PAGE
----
Now, John had sometimes had this experience in math class, when the teacher would pick him out to answer a question. So, he wasn’t nervous to answer.

“I once thought of calling myself Red-Handed Jack,” he said.

“And a good name, too. We’ll call you that name, boy, if you join.”

“What do you think, Michael?” asked John.

“What would you call me if I join?” Michael demanded.

“Blackbeard Joe,” said Hook.

Michael was naturally impressed. “What do you think, John?” He wanted John to decide, and John wanted him to decide.

“Can we still be respectful subjects of the King of England?” John inquired.

Through Hook’s teeth came the answer: “You would have to swear, ‘Down with the King.’”

Perhaps John had not behaved very well so far, but he was good now.

“Then I refuse,” he cried, stomping his feet.

“And I refuse,” cried Michael.

“King of England!” squeaked Curly.

The infuriated pirates hit them in the mouth; and Hook roared out, “That seals your doom. Bring up their mother. Get the plank ready.”

They were only little boys, so they went white with fear when they saw Jukes and Cecco preparing the plank. But they tried to look brave when Wendy was brought up to the deck.

I cannot write with words how much Wendy despised those pirates. To the boys, there was at least some glamour in the idea of pirates. But to Wendy, all she could see was that the ship had not been cleaned for years. The windows on the ship were so grimy that you could write “Dirty pigs” with your fingers on the glass. And indeed, she had already written that on several windows.

But as the boys gathered around her, should couldn’t think of anything except them.

“So, my beauty,” said Hook, sweetly, “you will watch your children walk the plank.”

Hook was a fine gentleman, but his collar was a little dirty. When he saw her staring at the soiled collar, he became self-conscious. He tried to hide it, but he was too late.

“Are they going to die?” asked Wendy, with such a deep look of hatred that he nearly fainted.

“They are,” he snarled. “Silence all! Let the mother give last words to her children.”

At this moment, Wendy was grand. “These are my last words, dear boys,” she said firmly. “I feel that I have a message to you from your real mothers, and it is this: ‘We hope that our sons will die like English gentlemen.’”

Even the pirates were awed, and Tootles cried out hysterically, “I am going to do what my mother hopes. What are you going to do, Nibs?”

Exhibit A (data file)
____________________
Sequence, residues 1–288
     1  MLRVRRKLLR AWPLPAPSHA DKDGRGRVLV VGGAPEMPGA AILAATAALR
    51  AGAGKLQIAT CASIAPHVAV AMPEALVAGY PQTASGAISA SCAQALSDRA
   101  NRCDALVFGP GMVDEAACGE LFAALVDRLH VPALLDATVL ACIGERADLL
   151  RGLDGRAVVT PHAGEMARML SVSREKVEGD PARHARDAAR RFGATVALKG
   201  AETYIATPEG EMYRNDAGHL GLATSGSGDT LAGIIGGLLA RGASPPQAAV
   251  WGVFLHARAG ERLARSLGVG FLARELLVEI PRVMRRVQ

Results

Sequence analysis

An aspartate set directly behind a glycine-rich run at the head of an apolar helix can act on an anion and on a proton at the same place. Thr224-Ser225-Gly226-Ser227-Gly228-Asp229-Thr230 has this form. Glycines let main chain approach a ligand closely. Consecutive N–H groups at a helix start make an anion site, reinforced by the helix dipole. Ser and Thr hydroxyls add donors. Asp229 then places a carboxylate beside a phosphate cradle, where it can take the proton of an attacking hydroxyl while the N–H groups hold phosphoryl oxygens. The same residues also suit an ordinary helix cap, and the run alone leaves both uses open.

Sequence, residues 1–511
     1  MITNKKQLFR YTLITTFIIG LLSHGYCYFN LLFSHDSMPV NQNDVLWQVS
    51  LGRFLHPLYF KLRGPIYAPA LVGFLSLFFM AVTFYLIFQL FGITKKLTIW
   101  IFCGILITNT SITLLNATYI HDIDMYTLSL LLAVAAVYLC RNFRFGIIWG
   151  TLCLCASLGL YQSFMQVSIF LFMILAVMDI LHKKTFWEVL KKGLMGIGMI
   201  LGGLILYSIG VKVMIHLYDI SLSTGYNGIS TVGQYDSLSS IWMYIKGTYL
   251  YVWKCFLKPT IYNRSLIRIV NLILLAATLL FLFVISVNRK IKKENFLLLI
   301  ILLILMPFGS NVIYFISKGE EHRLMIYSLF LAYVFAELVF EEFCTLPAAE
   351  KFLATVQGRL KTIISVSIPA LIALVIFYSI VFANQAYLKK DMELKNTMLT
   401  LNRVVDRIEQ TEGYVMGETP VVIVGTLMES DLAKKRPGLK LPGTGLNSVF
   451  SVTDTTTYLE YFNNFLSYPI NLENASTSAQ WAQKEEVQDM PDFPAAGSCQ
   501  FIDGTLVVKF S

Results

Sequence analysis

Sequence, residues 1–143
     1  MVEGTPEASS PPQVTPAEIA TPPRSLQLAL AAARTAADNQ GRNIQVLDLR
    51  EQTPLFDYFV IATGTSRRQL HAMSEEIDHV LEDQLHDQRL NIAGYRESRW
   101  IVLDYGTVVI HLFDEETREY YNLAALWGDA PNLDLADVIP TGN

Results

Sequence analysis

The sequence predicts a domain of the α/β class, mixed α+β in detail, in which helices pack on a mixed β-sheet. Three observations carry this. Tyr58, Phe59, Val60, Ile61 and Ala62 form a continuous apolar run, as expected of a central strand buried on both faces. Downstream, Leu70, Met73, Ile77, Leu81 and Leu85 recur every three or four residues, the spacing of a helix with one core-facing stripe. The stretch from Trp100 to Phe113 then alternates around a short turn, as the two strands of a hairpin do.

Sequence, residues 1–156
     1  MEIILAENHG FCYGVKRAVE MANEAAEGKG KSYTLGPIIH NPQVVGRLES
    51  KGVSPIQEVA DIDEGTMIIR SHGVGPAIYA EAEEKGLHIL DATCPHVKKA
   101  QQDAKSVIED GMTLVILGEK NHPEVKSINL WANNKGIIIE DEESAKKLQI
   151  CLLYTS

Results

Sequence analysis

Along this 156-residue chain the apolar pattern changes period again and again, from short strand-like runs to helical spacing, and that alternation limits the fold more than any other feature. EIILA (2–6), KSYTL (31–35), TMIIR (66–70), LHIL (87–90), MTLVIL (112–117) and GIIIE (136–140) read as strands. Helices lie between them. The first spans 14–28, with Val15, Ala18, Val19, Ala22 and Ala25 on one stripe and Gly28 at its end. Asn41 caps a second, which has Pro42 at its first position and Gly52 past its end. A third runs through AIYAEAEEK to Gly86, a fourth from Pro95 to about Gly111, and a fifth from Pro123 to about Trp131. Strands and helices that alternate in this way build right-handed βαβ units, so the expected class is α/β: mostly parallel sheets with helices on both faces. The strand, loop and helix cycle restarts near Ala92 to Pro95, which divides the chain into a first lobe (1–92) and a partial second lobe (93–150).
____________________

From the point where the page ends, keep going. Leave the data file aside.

“What my mother hopes. What are you going to do, Twin?”

“What my mother hopes. John, what are—”

But Hook had found his voice again. “Tie her up!” he shouted.

It was Smee who tied her to the mast. “See here, honey,” he whispered, “I’ll save you if you promise to be my mother.”

But not even for Smee would she make such a promise. “I would almost rather have no children at all,” she said disdainfully.

As Smee tied her to the mast, not a single boy was looking at her. All of their eyes were on the plank. It would be their last walk before their death. They were no longer able to hope that they would walk it like a gentleman. All capacity to think had disappeared. They could only stare and shiver.

Hook smiled at them with his teeth closed, and took a step toward Wendy. His intention was to turn her face so that she would be forced to watch the boys walking the plank one by one. But he never reached her. He stopped when he heard it.

Tick, tock. Tick, tock, Tick, tock.

It was the terrible ticking of the crocodile.

They all heard it—the pirates, the boys, and Wendy. Immediately, every head turned in one direction—not to the water, but towards Hook. Everyone knew that the ticking crocodile was only concerned with Hook, so they all became the spectators.

It was very frightful to see the change that came over Hook. It was as if he had been clipped at every joint. He fell down in a heap.

The sound came steadily nearer. “The crocodile is about to board the ship!”

Even the iron claw hung limply at his side. Left alone, any other man would have shut his eyes where he fell. But the gigantic brain of Hook was still working. He crawled on his knees along the deck as far from the sound as he could go. The pirates respectfully cleared a path for him, and when he got to the other end of the ship, he spoke:

“Hide me!”

They gathered around him, all eyes averted from the thing that was coming aboard. They had no thought of fighting it. It was fate.

When Hook was hidden, the boys’ curiosity got the better of them. They rushed to the ship’s side to see the crocodile climbing it. Then, they got the strangest surprise of the Night of Nights. What was climbing up the side of the ship was no crocodile. It was Peter.

He gestured to them not to let out a cry of admiration that might arouse suspicion. Then, he went on making a ticking noise.

Published by Judy Shinohara

Hello! I’m Judy, living in Japan. I write fun stories for people who are studying English. I also teach English and study Japanese.